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Object-Oriented and Classical Software Engineering 8th Edition

3.7 out of 5 stars 24 customer reviews
ISBN-13: 978-0073376189
ISBN-10: 0073376183
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Editorial Reviews

About the Author

Stephen Schach is a professor at Vanderbilt University.
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Product Details

  • Hardcover: 688 pages
  • Publisher: McGraw-Hill Education; 8 edition (July 19, 2010)
  • Language: English
  • ISBN-10: 0073376183
  • ISBN-13: 978-0073376189
  • Product Dimensions: 7.5 x 1.3 x 9.4 inches
  • Shipping Weight: 2.6 pounds (View shipping rates and policies)
  • Average Customer Review: 3.7 out of 5 stars  See all reviews (24 customer reviews)
  • Amazon Best Sellers Rank: #398,025 in Books (See Top 100 in Books)

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Customer Reviews

Top Customer Reviews

Format: Hardcover
Schach's Object-Oriented and Classical Software Engineering is a textbook in the traditional sense of the word. The book is divided into two parts. The first part, Introduction to Software Engineering, deals with software life-cycle models, teams, software engineering tools, and a few other general topics. The second part, The Phases of the Software Life Cycle, then takes a more detailed look at requirements, design, implementation, and so forth.
The book has undergone a number of revisions during its lifetime, and it shows. Schach discusses both structured and object-oriented methods, but the coverage isn't unified enough; the book feels like a quickly-made patch. I also wish that iterative development and agile methods had received more attention.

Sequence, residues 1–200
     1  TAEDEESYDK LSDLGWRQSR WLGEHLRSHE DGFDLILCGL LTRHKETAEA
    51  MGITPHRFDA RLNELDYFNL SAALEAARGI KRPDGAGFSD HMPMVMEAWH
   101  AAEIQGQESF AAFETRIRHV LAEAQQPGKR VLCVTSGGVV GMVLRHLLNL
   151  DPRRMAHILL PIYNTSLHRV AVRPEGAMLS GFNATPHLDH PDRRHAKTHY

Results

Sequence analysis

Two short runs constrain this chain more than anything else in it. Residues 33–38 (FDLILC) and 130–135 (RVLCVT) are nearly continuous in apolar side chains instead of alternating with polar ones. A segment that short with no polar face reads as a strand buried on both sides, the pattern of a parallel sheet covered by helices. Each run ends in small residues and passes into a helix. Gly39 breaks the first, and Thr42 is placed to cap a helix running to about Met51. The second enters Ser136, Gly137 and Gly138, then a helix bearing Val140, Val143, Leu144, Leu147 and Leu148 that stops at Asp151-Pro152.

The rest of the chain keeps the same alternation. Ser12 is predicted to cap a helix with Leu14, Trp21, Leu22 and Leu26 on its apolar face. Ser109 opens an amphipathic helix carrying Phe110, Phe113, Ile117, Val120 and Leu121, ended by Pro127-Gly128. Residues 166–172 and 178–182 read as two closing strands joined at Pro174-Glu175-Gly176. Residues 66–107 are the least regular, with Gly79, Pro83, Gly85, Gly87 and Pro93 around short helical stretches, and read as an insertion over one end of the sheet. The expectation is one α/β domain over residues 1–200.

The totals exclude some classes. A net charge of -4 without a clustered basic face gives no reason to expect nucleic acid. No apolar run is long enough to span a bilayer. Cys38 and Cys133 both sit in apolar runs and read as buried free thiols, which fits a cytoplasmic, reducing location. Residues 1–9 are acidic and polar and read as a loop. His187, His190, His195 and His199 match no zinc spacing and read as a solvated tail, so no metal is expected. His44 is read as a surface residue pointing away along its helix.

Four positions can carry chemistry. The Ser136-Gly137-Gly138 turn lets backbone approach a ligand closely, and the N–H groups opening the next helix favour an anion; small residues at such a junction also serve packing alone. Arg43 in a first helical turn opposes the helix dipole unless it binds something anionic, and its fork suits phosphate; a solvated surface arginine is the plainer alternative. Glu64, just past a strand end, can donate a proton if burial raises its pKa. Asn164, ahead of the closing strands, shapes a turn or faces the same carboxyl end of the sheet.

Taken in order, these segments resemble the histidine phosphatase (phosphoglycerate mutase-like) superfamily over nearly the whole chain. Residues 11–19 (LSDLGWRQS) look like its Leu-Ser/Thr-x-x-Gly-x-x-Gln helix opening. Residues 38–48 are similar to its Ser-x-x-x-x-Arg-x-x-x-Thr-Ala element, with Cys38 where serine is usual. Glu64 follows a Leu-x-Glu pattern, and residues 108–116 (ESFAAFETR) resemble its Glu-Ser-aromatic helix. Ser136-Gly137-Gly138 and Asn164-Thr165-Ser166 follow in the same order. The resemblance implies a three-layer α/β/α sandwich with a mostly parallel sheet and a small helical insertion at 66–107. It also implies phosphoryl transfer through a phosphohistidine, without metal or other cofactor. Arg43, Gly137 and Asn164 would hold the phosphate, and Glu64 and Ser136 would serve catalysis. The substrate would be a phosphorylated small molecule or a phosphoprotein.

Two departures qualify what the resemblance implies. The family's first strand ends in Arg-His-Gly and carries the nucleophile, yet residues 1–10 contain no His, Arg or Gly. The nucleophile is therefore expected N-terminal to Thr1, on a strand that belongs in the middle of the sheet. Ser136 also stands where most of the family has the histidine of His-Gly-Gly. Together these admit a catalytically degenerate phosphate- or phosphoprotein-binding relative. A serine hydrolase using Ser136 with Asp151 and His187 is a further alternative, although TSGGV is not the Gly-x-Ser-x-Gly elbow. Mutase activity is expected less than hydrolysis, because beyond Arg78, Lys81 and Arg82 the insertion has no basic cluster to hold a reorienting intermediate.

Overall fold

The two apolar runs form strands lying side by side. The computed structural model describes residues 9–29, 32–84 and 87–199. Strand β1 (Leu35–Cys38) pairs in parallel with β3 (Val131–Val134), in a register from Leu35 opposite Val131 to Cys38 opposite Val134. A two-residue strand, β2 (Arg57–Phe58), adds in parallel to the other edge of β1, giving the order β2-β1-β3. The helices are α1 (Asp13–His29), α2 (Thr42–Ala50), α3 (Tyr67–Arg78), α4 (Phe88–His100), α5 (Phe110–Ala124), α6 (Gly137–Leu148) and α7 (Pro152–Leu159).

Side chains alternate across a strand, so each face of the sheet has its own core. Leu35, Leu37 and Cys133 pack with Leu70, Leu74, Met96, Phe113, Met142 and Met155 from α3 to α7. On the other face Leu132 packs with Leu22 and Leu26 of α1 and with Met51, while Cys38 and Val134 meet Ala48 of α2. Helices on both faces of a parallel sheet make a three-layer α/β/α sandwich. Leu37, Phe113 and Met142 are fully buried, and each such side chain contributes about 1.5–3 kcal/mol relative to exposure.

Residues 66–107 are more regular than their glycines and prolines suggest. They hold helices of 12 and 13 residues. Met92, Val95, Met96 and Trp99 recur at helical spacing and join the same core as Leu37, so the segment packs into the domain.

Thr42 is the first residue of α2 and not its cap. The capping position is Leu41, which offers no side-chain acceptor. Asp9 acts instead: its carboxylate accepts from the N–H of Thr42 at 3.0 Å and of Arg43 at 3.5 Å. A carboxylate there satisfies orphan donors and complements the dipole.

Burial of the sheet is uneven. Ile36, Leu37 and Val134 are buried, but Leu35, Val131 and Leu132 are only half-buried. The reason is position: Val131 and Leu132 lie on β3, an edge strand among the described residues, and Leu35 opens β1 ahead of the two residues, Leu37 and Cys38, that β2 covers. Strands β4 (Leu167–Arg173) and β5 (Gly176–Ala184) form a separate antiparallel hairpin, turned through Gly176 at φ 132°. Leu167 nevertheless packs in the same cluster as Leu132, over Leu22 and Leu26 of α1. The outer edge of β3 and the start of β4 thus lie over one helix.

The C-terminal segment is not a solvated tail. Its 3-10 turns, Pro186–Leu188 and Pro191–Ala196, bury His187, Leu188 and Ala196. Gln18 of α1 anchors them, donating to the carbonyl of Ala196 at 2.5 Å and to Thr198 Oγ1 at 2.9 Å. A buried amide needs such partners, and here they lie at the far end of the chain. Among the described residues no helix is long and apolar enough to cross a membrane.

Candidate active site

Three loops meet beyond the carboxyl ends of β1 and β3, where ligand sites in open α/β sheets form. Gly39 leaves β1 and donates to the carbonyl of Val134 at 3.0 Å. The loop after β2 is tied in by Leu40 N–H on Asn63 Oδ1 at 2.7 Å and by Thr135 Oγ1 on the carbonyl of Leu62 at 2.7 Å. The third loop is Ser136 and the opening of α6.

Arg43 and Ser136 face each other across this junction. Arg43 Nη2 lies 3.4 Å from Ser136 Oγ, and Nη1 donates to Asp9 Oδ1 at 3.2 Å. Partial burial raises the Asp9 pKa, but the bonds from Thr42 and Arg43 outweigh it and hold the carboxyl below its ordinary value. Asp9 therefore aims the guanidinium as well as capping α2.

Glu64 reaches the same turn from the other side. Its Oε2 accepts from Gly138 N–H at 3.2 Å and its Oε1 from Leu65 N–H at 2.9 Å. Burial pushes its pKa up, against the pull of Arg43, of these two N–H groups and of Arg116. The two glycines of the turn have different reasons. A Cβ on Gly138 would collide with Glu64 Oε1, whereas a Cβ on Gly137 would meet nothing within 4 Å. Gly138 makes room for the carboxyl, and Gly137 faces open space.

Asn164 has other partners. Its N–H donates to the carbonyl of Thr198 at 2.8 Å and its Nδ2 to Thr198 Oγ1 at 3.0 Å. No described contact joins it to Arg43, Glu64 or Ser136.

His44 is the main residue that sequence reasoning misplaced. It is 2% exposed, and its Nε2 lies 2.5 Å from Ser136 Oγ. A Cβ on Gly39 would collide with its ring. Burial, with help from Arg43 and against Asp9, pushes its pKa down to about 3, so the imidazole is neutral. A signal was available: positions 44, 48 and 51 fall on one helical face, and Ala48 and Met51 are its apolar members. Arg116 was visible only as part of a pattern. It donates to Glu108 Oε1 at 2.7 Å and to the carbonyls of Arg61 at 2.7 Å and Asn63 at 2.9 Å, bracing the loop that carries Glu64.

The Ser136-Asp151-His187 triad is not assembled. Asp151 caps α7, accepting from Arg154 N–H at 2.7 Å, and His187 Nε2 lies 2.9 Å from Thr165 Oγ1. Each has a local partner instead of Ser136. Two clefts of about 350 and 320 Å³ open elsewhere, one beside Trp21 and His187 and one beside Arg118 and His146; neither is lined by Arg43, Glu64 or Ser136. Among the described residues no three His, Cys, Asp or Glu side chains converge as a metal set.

To make matters worse, Schach's writing style doesn't impress me much. Ineffective passive constructions abound and modifiers always are put before the verb, even if the sentence contains a modal verb or the verb is be. This actually gets annoying after a while! What's more, Scach's approach is very, very prescriptive, and at least I frequently found myself objecting vehemently to the advice presented.
It's sad that to my knowledge there are no really good general books on software engineering. Sommerville's book suffers from the exact same defects as Schach's. Can a software engineering book not be made accurate, thought-provoking, and fun to read?
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Format: Hardcover
I gave up on this book when I reached the extended example of object-oriented analysis, design and implementation. The analysis was ok; the design dropped a few elements without explanation, but was largely coherent.
The implementation was a nightmare. It looked like procedural C++, with practically no relationship to the analysis and design.
I think the book does a good job of conveying the time-tested key concepts behind software engineering. It should not be taken seriously as a discussion of object-oriented methodology.
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Format: Hardcover
The title of the book is very misleading, in that the book has very little uml and c++. Worse however is the lack of good problems and examples throughout the book. It seems like a watered-down version of Ghezzi's Software-Engineering book, the latter of which I would much more recommend. Some instructors may prefer Schach because it has *something* on uml and OOA&D, but it is probably better to supplement Ghezzi with a good book from this area (one I have yet locate).
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Format: Hardcover